Environmental water is being embraced by governments around the world as a means to partly restore rivers impacted by excessive river regulation and to protect those that are not yet overregulated. In cases where environmental water is provided as a water right, managers can make ongoing active management decisions regarding the timing and magnitude of environmental flows in response to changing conditions and understanding of environmental demands. Such active management should lead to improved environmental outcomes but also comes with a significant ongoing management cost when compared to rules-based environmental water releases. This study uses an optimization tool to examine the environmental gain achievable with the active management of environmental water compared to rules-based releases. A case study of the Yarra River, Victoria, Australia, demonstrates the potential for substantial environmental gains achieved through active management of environmental water.


Congratulations to Dr. Cheng Cheng

Cheng Cheng has had her PhD thesis approved at the University of Melbourne. Her thesis is titled “Optimisation of Disaster Waste Management Systems” and proposes models and algorithms for planning waste removal after disasters. Among other results, Cheng analysed the effect of using intermediate waste processing centers in the efficiency of the operations.

Congratulations to Cheng!




Congratulations to Dr. Beatriz Oliveira

Beatriz Brito Oliveira has defended her PhD thesis at the University of Porto. Her thesis is titled “Fleet and revenue management in car rental: quantitative approaches for optimization under uncertainty” and was supervised by Prof. Maria Antònia Carravilla and Prof. José Fernando Oliveira.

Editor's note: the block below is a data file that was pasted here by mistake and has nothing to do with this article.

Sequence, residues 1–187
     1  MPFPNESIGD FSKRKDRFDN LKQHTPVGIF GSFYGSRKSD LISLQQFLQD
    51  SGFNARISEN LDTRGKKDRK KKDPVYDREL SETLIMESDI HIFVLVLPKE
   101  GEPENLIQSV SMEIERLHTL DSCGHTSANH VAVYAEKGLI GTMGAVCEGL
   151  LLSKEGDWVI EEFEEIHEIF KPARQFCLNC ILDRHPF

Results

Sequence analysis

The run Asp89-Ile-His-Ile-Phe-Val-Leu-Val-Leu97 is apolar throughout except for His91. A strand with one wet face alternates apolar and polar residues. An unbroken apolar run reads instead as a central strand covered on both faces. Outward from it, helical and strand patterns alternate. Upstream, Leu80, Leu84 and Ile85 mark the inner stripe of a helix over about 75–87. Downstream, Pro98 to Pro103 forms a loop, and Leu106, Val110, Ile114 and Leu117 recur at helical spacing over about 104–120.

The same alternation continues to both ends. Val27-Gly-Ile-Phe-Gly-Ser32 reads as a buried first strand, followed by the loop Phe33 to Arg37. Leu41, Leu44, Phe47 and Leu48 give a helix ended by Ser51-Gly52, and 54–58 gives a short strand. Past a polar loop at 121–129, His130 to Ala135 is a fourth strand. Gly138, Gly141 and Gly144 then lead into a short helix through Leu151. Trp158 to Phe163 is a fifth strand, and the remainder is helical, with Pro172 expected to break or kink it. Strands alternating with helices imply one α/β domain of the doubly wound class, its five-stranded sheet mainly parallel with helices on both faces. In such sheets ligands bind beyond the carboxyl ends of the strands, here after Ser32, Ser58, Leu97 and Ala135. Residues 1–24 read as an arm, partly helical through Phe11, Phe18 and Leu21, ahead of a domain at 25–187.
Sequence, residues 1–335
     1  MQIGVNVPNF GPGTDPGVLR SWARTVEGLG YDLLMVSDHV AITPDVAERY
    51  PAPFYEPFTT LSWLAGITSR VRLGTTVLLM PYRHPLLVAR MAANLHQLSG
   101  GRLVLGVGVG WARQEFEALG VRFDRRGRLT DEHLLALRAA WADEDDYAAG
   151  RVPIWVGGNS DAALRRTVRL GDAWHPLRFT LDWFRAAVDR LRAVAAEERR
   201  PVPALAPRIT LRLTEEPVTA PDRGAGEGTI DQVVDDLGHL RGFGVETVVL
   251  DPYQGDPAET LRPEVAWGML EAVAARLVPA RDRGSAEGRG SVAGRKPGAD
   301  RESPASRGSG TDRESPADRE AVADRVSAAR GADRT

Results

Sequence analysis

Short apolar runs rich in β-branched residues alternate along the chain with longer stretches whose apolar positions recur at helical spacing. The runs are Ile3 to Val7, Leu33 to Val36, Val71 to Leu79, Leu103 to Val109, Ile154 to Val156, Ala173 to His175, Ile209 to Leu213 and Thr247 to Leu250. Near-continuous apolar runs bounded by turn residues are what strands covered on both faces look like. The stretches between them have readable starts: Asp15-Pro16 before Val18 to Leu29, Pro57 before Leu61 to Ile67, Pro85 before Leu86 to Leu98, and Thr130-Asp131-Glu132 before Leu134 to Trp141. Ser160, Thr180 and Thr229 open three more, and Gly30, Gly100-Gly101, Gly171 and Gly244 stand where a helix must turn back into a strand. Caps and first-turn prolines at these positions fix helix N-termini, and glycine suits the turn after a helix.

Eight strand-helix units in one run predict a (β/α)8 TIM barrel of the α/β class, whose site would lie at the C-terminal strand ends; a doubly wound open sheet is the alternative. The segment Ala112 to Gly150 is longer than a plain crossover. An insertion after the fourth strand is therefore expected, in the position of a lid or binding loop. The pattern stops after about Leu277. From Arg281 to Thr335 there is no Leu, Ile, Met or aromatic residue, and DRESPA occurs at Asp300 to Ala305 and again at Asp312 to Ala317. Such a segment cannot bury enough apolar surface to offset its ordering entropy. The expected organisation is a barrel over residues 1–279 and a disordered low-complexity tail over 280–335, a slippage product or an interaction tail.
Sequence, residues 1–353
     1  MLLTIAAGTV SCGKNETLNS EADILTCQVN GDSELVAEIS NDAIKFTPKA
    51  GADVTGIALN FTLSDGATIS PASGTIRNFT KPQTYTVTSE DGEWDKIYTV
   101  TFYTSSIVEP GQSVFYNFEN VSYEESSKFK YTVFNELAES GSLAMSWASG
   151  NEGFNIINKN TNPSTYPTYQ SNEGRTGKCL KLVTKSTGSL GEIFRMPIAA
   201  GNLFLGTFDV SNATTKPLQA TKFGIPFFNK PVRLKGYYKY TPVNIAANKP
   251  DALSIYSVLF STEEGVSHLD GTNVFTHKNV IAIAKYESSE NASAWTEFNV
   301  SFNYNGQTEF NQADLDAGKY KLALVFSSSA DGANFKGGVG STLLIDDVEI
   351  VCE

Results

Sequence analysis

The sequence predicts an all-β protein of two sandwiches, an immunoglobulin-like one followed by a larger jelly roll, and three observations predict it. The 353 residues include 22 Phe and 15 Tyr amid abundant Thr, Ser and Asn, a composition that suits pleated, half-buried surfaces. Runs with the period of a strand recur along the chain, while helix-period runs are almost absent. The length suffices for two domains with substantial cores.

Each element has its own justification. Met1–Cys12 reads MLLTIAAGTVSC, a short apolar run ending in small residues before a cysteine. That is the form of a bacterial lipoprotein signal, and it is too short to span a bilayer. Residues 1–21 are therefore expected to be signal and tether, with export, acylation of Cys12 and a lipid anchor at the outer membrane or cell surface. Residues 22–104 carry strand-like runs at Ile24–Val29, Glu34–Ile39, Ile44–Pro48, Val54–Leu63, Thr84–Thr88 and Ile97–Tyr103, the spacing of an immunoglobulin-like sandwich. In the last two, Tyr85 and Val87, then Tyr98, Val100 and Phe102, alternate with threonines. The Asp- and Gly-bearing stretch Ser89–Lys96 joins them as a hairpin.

Beatriz spent three months with our research group in Melbourne. During this time she worked in the last chapter of her thesis, finalising the development of a matheuristic for the stochastic version of the car rental planning problem she tackled.

Congratulations to Beatriz, Maria Antònia and José Fernando for this strong piece of research!

Optimising elective surgery schedules

Our paper A Sequential Stochastic Mixed Integer Programming Model For Tactical Master Surgery Scheduling, by Ashwani Kumar, Mark Fackrell, Peter Taylor and Alysson M. Costa is now available online.


In this paper, we develop a stochastic mixed integer programming model to optimise the tactical master surgery schedule (MSS) in order to achieve a better patient flow under downstream capacity constraints. We optimise the process over several scheduling periods and we use various sequences of randomly generated patients’ length of stay scenario realisations to model the uncertainty in the process. This model has the particularity that the scenarios are chronologically sequential, not parallel. We use a very simple approach to enhance the non-anticipative feature of the model, and we empirically demonstrate that our approach is useful in achieving the desired objective. We use simulation to show that the most frequently optimal schedule is the best schedule for implementation. Furthermore, we analyse the effect of varying the penalty factor, an input parameter that decides the trade-off between the number of cancellations and occupancy level, on the patient flow process. Finally, we develop a robust MSS to maximise the utilisation level while keeping the number of cancellations within acceptable limits.


Returning in 2018, AMSI Optimise is an annual networking and research-training event that aims to strengthen mathematical optimisation research engagement and its applications across industry.

This event will comprise a three-day industry-focused conference, followed by a two-day research workshop. The symposium features expert and end-user talks, international guest speakers, collaboration showcases, industry challenge sessions and tutorials. The themes of the 2018 conference are Decision Making Under Uncertainty and Humanitarian Applications.

AMSI Optimise is aimed at:

  • anyone using optimisation, with opportunities to learn more about the current state of the art and to connect with others who have similar interests
  • industry practitioners interested in exploring the benefits of engagement with optimisation research
  • academics and postgraduate students wanting to better understand drivers and needs in this area

The event provides a forum to bring together people from the diverse companies and research disciplines that use and develop optimisation models and software. It provides a platform for research training and developing new collaborations in this vital area through PhD internships, research partnerships and postgraduate research projects.